These functional foods can improve your health

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superfood bowl
What is the function of your food? You might be asking yourself that question more often these days. (Photo: zarzamora/Shutterstock)

Is asparagus the key to a better night's sleep? Can sauerkraut improve your memory? And does wheatgrass give you more energy than coffee? Also, why is it called "moon milk," if it doesn't come from the moon?

These are the food questions we're asking in 2019. In a new report from Israel-based food trend analytics startup Tastewise, functional foods – foods that serve a specific purpose or function – are top of mind among eaters around the world this year. And that trend is expected to grow significantly in the years to come.

According to the report, one out of every three conversations about food centers on its functionality. "Consumers want to know what benefits their food will afford them – will it improve gut health? Promote healthier skin? Increase focus? – and make their choices accordingly," the report stated.

So what are the hottest functional foods right now? That depends on what aspects of your health are most important to you:


turmeric tea
Turmeric tea (or golden milk) is used in many cultures as a remedy for several ailments. (Photo: NADKI / Shutterstock)

The effects of poor sleep are numerous. Aside from feeling altogether lousy, you also run a higher risk of falling asleep behind the wheel, potentially harming others on the road (and yourself). To improve this, you're downloading apps and wearing wristbands to track your sleep, and you're listening to advice: what habits to break, what music to play, what foods to eat/avoid ...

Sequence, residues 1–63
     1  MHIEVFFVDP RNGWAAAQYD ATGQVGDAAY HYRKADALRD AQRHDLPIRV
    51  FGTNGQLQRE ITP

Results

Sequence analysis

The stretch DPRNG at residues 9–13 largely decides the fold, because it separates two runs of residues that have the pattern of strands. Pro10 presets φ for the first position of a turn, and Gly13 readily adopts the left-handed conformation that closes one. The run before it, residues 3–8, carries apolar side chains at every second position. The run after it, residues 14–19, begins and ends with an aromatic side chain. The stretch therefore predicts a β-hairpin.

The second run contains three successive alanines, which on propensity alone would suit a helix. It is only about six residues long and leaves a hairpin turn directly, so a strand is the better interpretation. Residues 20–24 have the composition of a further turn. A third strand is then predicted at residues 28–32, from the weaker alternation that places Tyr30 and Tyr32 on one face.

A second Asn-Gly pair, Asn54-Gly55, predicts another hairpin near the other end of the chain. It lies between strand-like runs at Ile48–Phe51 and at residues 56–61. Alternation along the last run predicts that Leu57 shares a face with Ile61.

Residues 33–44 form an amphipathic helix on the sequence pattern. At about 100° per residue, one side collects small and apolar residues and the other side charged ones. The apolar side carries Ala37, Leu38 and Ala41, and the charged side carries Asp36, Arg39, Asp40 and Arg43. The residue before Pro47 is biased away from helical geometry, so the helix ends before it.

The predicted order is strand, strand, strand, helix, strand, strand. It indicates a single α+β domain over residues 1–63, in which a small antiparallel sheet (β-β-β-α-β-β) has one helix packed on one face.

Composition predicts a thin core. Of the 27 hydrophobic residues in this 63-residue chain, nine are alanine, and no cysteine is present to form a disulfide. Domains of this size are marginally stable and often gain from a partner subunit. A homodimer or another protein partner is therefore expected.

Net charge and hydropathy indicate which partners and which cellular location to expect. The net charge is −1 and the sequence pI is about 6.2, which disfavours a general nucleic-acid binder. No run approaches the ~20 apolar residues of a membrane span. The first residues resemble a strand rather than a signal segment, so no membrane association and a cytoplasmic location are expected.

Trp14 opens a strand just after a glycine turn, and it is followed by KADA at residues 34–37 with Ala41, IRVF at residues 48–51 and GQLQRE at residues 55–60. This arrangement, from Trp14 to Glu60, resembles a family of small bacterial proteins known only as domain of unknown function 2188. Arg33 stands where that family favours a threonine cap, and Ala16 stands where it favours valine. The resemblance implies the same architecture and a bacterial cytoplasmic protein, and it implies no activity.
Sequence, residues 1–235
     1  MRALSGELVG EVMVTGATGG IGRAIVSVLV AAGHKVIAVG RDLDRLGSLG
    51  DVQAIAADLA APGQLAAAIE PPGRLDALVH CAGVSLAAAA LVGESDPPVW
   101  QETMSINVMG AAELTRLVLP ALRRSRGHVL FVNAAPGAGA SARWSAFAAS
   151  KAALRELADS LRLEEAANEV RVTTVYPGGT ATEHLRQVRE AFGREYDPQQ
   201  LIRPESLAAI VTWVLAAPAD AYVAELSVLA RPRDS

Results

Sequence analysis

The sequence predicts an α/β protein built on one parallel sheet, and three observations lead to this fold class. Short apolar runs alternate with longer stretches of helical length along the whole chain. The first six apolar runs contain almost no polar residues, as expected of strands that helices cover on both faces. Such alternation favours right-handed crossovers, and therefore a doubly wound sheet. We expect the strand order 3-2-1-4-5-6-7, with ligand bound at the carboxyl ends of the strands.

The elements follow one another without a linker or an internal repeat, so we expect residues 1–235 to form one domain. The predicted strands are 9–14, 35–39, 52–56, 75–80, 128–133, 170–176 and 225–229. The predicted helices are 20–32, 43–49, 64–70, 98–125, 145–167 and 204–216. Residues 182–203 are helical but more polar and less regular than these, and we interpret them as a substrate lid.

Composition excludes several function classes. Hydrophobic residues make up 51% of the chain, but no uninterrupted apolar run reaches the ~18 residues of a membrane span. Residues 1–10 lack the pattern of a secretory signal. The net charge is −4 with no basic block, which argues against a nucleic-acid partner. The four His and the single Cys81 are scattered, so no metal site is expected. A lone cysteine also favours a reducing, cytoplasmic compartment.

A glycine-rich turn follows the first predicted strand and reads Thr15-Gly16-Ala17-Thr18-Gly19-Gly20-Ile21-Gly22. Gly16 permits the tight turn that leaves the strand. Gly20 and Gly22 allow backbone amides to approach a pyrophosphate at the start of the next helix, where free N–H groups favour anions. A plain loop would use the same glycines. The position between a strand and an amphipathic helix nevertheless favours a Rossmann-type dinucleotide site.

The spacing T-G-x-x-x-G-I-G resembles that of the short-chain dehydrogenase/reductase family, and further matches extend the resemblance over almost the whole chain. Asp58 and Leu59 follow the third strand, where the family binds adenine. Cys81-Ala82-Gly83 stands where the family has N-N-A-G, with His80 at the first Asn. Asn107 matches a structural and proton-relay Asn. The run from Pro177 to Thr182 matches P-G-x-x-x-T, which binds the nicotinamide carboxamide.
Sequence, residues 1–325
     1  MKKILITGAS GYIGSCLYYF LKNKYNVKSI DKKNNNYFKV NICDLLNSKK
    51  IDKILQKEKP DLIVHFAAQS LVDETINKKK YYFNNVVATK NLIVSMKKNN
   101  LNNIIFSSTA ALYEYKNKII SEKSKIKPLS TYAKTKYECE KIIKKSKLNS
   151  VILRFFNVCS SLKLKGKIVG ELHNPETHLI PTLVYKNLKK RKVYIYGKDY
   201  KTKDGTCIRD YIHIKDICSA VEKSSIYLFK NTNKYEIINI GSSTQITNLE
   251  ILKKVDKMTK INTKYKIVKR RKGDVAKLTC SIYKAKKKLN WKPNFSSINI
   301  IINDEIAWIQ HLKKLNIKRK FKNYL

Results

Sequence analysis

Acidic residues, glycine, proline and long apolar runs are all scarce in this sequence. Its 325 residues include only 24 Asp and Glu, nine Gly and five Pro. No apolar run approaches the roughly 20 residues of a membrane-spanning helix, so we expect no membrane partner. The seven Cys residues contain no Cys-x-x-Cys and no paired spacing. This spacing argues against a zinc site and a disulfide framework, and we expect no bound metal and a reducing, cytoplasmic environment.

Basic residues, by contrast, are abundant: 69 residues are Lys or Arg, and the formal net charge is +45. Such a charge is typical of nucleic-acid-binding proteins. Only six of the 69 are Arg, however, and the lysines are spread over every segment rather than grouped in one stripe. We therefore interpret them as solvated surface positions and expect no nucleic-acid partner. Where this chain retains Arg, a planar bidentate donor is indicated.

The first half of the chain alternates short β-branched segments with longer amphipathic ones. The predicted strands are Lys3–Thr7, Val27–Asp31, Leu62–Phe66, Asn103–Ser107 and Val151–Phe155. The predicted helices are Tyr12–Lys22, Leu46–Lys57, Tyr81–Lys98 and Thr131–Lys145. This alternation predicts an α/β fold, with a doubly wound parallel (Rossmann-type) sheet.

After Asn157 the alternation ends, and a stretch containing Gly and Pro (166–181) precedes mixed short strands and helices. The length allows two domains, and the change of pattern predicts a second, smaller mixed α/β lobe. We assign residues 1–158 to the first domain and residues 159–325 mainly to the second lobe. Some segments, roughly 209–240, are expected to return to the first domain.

sesame cookies in a bowl
Sesame halvah cookies are simple and snackable. (Photo: Olya Detry/Shutterstock)

In the daily demands of life, power naps or long breaks aren't always in the cards. You need an energy boost that lasts all day – but not from artificial sources like energy drinks. Instead, you're seeking natural remedies:


Pomegranates with dewdrops of water on them

If you're coping with a chronic illness, it's likely you are looking for ingredients that protect against inflammation. Adding such foods to their diets reduces flare-ups and minimizes symptoms:

Brain health

Dates are a fun fixture for entertaining and can be served in a number of ways, including stuffed, wrapped and as a simple snack. (Photo: Igor Normann / Shutterstock)

People are increasingly embracing brain-boosting ingredients, discovering the effects they have on their overall health, from memory to organ function to sleep patterns:

Skin care

kiwi salad
Kiwis make a great centerpiece for fruit salad. (Photo: Jerry James Stone)

People are getting their fruits, vegetables and proteins from both the foods they eat and the products they apply to their skin, improving your body's largest organ from the inside out. In the skin care industry, natural and plant-based products are all the rage:

Israeli high school students (right) teach students in Rwanda how to grow their own Spirulina.

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